Steve Lawler: "The whole genre thing bores the shit out of me"
Tue 17th Apr, 2012 Newsin
In the latest edition of RA’s Exchange series, Birmingham stalwart Steve Lawler steps up for a lengthy rumination on his never-boring career. The DJ tracks his dance music journey from his unhinged parties under the M42 motorway to a residency at Cream, legendary slots at Café Mambo and Space in Ibiza and the 15 years he’s spent solidly touring.
There’s plenty of insights for fans across the hour, and one section of the interview focuses on Lawler’s stint with the Excession agency alongside the likes of Nick Warren, Sasha and Sander Kleinenberg, and the ‘progressive’ tag he was then saddled with.
“On Excession, I was a little bit on my own musically, because I didn’t play such big-room music,” he recalls on the RA Exchange. “Progressive house built into a melodic, almost trance-y sound, and I wasn’t playing that. A lot of the other guys on Excession were filling stadiums and playing that melodic, trance-y, progressive sound.
“Unfortunately media isn’t always fair sometimes, and that’s how it’s felt for me. I was being tarnished with the brush of being progressive. Let’s be completely honest; when Global Underground came to me [after] I did the Nubreed CD that I’m really proud of, I refused to do a Global Underground CD, because you’re doing Dave Seaman, Nick Warren, Sasha: a very specific sound, and I don’t play that sound. I had no melodies in my songs: it was always vocals, groove, drums.” And so Lawler’s enduring Lights Out series was born.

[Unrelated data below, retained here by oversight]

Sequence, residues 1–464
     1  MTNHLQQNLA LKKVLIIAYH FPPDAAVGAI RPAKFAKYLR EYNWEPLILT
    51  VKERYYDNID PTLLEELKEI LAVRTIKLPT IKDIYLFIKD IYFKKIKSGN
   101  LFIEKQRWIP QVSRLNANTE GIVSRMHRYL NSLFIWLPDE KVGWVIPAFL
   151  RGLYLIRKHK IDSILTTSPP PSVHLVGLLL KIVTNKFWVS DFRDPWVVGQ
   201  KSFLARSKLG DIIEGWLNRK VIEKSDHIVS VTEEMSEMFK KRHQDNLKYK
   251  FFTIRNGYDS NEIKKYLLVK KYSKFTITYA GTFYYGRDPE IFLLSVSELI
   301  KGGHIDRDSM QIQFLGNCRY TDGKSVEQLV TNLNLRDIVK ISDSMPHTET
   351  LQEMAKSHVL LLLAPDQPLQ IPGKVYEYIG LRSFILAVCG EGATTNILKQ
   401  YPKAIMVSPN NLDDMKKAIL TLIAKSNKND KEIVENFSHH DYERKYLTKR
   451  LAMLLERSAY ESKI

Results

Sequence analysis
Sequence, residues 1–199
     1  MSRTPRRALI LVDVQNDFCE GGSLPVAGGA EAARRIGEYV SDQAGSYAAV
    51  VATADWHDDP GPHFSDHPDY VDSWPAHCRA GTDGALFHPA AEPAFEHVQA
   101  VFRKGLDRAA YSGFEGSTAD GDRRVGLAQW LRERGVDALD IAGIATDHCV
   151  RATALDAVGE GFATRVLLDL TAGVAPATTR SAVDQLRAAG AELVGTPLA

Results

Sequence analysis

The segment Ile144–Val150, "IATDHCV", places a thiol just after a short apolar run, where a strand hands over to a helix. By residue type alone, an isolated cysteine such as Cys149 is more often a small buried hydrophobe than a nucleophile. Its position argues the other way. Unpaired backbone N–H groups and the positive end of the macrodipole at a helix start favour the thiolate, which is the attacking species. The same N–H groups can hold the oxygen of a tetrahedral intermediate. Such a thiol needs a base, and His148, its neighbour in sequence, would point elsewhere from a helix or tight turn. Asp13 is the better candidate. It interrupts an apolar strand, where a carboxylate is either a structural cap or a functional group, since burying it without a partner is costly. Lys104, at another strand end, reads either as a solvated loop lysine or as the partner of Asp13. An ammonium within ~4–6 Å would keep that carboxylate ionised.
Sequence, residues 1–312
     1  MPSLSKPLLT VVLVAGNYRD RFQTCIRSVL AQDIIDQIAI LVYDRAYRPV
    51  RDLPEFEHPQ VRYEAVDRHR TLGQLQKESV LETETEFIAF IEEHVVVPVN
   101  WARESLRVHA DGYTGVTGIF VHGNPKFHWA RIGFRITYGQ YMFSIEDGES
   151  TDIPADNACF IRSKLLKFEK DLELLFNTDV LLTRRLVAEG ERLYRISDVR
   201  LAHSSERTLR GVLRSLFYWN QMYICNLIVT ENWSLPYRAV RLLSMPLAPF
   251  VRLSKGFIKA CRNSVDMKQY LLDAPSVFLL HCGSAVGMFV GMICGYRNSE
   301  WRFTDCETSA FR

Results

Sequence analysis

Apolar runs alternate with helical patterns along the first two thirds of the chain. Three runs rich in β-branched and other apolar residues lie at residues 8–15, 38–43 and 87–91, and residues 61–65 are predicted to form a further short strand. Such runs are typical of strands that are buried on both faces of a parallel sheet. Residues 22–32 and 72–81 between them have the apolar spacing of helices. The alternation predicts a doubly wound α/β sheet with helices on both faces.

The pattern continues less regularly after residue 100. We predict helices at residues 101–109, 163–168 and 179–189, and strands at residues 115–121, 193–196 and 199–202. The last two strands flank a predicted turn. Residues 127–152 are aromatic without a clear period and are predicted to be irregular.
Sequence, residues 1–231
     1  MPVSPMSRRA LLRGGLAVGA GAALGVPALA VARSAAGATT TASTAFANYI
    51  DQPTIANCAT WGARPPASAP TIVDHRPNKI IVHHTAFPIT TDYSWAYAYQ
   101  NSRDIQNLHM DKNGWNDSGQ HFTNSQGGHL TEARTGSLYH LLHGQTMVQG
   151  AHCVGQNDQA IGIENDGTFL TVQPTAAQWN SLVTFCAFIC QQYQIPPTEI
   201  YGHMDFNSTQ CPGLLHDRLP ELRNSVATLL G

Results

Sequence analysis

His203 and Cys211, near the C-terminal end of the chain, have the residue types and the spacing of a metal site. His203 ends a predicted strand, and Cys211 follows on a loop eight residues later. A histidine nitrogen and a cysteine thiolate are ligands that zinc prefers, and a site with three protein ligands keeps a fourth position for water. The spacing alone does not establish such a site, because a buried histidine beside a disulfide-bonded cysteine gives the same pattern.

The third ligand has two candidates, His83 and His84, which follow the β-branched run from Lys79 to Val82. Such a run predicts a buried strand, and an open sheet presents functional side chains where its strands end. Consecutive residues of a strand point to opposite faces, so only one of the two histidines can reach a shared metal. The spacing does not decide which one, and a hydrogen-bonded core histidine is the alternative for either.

“The media called me progressive,” he continues, “then progressive became a dirty name, as all trends do. It’s happening now with the whole Hot Natured whatever, and before minimal was great then it was a dirty name. The whole fucking genre thing bores the shit out of me, to be honest with you. I’ve been around long enough to see the patterns and the cycles.”
Lawler also delves into his perfectionism in the studio, and why he’s yet to deliver an artist album. “I know I haven’t achieved the exact sound that I’m looking for,” he says. “I don’t know if what’s in my mind even fucking exists in a studio. I don’t think I’ve ever written an amazing record, but I want to. I’ve spent the last 15 years on the fucking road, seriously touring like crazy.
“I’ve had to gradually pick up everything I’ve learnt in the studio. I’ve never picked up a manual. That’s why my album has never happened, and when it does I think it’s going to really shock and upset people. It definitely won’t be what people expect.” Listen to the full interview here.